The number of pubs and other alcohol-licensed premises with permissions to make gaming machines available for use has increased. In England, Scotland and Wales, on 31 March 2012, there were a total of 39,591 premises benefiting from the automatic entitlement to one or two gaming machines of category C or D, an increase of 10% from the previous year.
There has also been a 2% increase in the number of licensed premises gaming machine permits (which allow three or more gaming machines of category C or D) with 6,591 in force on 31 March 2012.
Consider these figures when compared to another set of statistics from the Home Office. On 31 March 2012 there were approximately 120,000 on-licensed premises. Not all will have a bar, a requirement to have machines, but the majority will.
There have, however, been steadily decreasing numbers of new applications for gaming machines. There were only 1,005 new licensed premises gaming machine permits issued in 2011/2012 compared to 2,179 in 2009/2010, with similarly falling numbers of notifications by alcohol-licensed premises to benefit from the automatic entitlement. These figures probably reflect the low numbers of new entrants into the licensed trade and that those operators who wish to have gaming machines now have the permissions they require.
When it comes to visits by licensing authorities it’s a bit of a lottery (pardon the pun). During 2011/2012 there were 4,584 visits in relation to gaming made by licensing authorities to premises such as pubs. This represents a significant increase of 43% from 2010/2011. These include pre-planned visits where the licensing authority is checking for compliance with gaming machine permissions, visits following complaints, subsequent follow-up visits and test purchasing visits. Of the 4,584 visits 3,987 were pre-planned compliance visits.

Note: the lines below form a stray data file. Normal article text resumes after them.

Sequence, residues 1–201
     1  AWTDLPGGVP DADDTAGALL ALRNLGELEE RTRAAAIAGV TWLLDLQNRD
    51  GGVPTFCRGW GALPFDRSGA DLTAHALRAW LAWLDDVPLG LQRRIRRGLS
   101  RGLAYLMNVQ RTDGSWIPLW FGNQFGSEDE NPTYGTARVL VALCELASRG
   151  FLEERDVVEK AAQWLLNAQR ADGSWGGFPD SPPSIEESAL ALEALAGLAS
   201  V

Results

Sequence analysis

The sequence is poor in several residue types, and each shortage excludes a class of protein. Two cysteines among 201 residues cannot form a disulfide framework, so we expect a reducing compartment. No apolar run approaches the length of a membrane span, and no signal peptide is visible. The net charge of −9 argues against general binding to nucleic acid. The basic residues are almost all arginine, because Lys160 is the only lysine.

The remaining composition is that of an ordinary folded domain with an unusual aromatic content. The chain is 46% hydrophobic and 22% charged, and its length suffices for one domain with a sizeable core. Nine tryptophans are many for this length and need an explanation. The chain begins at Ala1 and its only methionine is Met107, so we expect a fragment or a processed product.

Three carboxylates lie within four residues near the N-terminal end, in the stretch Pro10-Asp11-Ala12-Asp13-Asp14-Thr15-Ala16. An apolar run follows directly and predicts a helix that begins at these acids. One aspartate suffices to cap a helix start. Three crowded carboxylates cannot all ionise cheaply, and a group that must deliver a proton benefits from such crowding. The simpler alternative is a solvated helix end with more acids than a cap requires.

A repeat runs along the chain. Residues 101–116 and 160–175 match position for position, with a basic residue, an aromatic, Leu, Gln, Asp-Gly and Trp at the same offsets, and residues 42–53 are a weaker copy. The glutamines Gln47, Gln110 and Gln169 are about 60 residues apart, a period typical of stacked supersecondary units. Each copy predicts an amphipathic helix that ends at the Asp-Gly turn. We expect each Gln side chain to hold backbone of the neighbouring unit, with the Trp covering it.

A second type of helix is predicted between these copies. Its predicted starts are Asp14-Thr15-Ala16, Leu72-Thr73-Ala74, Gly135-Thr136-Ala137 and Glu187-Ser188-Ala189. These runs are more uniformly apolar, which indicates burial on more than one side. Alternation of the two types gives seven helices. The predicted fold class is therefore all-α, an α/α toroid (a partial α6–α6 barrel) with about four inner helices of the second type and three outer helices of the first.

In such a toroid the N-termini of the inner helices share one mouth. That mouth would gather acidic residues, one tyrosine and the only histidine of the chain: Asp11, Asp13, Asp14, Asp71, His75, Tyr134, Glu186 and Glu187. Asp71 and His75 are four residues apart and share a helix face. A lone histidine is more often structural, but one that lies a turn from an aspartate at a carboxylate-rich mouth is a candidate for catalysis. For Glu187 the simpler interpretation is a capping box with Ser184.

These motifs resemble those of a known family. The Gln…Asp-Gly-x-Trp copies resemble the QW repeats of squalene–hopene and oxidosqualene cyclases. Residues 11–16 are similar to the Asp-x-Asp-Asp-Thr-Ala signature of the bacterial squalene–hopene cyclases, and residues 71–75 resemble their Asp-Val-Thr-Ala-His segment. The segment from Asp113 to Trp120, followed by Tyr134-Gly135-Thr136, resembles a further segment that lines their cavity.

It is immediately clear that there are surprisingly few visits reported to pubs as part of the licensing authority regulatory responsibility for gambling. By far the majority of licensing authorities have recorded no visits to pubs during the period 2009 to 2012.
A handful regularly visit, for example, Barnsley, Basingstoke, Birmingham, Poole, Castle Point (Essex), Wakefield, Eastleigh, Derby, the Forest of Dean, Havant, Hinckley (Leicestershire), Lewes, Redbridge (north-east London), Milton Keynes, Sevenoaks, Southampton and Woking. If your licensed premises are within these council areas, and if you have not had a visit over the previous three years, you can expect to get one at some time in the future.
A small number of licensing authorities apparently blitz compliance and conduct high numbers of visits over a short period, notably Newham (east London) where 600 premises were visited in 2011/2012. This is by far the highest number of visits made by any licensing authority to pubs during the period covered by the statistics. It is more likely that your licensing authority reported no visits at all.
The number of visits following a complaint increased from 181 in the previous year to 272 in 2011/2012. This likely reflects an increased awareness among customers and responsible authorities of their options to report any complaints about gaming machines in pubs.
It is surprising how few visits are reported for test-purchasing operations (where the licensing authority assesses age verification procedures in relation to gaming machines). According to the figures, in 2009/2010 there were only eight visits across the entire country, 15 in 2010/2011 and 47 in 2011/2012. Of the 47 test-purchasing operations carried out in 2011/2012, 46 were within the East Riding of Yorkshire.
Southampton City Council clearly focused on under-18s in 2010/2011 as it conducted 13 test-purchasing visits. Outside the East Riding and Southampton there were only 11 test-purchasing visits to assess gambling, covering three years and 378 other local authority areas.
The surprisingly low numbers of visits to alcohol-licensed premises in relation to gambling in the Gambling Commission report could reflect the fact that local authorities have other things on their minds and that they are not focused on gambling in pubs.
There is clearly a lack of commitment from many licensing authorities on regulating gambling in alcohol-licensed premises. However, we know from experience, from talking to operators who have been on the receiving end of visits and from licensing officers who undertook inspections, that in reality there have been higher numbers of visits to pubs in relation to gambling than have been reported. We also know that the commission is investing in the education of licensing authorities on gambling matters.
As confidence and knowledge of gambling within licensing authorities builds so will the numbers of visits, reported or not.